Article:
Meaning of Stress
Stress is a body reaction to demands or changes in internal and external environment. Whenever there is a change in the external environment such as temperature, pollution, humidity and working conditions, it become to stress. These days of competition when one wishes to surpass what has been achieved by others, leading to …show more content…
Selye has defined stress as “the non-specific response of the body to any demand made upon it”. The concept of stress has been borrowed from the natural sciences. During the 18th and 19th century, stress was equated with “force, pressure or strain” exerted up on a material object or respondents which resists these forces and attempts to maintain its original state. The use of the concept in this fashion encouraged physicists and engineers into adopted to suit their ends. Thus, stress in engineering is known as “the ration of the internal force brought into play when a substance is distorted to the area over which the force acts.”
Stress as External Force
The external force approach to the phenomenon of stress focuses on the circumstances which people experience as stressful. Stress is treated as an independent variable, more or less beyond the control of the individual. According to the job stress stimuli are:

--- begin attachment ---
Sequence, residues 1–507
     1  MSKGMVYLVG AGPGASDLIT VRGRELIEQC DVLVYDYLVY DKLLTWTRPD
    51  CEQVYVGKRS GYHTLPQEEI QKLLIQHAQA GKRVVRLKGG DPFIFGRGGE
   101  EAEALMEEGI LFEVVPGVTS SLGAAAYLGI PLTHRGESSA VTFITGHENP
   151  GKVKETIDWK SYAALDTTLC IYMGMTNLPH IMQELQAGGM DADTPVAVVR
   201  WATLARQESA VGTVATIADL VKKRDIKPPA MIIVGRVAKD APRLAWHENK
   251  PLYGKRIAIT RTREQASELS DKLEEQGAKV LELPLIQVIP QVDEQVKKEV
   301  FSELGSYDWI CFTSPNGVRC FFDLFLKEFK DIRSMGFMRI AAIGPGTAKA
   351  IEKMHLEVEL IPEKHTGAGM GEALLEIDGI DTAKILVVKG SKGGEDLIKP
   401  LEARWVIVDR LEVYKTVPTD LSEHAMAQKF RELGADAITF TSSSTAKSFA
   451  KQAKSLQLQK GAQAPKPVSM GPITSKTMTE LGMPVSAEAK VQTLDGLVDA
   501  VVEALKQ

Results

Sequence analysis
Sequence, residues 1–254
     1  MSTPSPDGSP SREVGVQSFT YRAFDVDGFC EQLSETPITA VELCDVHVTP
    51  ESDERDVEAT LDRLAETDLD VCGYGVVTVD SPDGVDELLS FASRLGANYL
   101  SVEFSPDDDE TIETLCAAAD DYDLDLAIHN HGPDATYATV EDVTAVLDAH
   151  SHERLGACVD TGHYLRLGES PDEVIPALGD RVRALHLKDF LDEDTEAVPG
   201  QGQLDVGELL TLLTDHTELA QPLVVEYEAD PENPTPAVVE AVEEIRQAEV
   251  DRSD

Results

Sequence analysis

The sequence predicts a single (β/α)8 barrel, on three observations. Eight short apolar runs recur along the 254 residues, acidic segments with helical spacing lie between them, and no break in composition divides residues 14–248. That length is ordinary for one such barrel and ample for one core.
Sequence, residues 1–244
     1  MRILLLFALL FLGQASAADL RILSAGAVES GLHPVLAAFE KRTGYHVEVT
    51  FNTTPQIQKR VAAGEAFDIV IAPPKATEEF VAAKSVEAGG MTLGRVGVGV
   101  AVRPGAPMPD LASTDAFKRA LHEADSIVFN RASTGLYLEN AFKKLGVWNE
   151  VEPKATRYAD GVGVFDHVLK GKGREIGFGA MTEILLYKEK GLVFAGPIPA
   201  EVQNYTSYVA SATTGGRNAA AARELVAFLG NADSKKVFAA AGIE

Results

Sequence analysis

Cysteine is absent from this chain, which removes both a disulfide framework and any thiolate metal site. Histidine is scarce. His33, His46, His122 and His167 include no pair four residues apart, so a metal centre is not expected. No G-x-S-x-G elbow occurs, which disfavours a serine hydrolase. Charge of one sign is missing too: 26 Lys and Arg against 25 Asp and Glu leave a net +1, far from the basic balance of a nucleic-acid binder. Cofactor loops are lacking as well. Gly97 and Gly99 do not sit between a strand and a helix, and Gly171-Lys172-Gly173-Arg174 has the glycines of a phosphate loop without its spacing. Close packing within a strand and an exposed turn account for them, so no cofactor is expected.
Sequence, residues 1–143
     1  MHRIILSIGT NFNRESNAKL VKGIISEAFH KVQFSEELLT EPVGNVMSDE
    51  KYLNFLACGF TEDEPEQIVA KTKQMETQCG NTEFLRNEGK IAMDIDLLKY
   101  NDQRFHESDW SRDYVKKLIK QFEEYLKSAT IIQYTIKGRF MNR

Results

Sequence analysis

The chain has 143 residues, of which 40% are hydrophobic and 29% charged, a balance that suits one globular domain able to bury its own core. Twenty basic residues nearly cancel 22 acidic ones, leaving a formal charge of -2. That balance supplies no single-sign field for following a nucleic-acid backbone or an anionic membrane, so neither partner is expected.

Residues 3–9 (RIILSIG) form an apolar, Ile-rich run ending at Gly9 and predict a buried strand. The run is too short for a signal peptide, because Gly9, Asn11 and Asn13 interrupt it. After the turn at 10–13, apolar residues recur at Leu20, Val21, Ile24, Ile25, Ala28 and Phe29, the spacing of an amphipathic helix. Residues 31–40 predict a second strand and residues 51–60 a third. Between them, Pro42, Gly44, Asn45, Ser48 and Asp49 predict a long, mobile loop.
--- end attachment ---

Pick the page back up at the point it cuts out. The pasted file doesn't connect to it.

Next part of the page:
a) Speed-up information processing
b) Noxious environmental stimuli
c) Perceived threat
d) Disrupted psychological …show more content…
Alarm reaction is character by autonomous excitability; adrenalin discharge; increase rate, muscle tone, and blood content; and gastro-intestinal ulceration. Depending on the nature and intensity of threat and the conditions of the organism, the periods of resistance vary and the severity of symptoms may differ from a mild invigoration to the disease of adaption.
ii) Stage of Resistance: maximum adaption occurs during this stage. The bodily signs characteristic of the alarm reaction disappear. Resistance increases to levels above normal. If the stressor persists, or the defensive reaction proves ineffective, the organism deteriorates to the next stage.
iii) Stage of Exhaustion: Adaption energy is exhausted, signs of alarm reaction reappear and resistance level begins to decline irreversibly.
The major shortcoming of this theory is that the related research was carry out on infra-human being subjects, where the stressors are usually physical or environmental and this is not always the case in relation to human.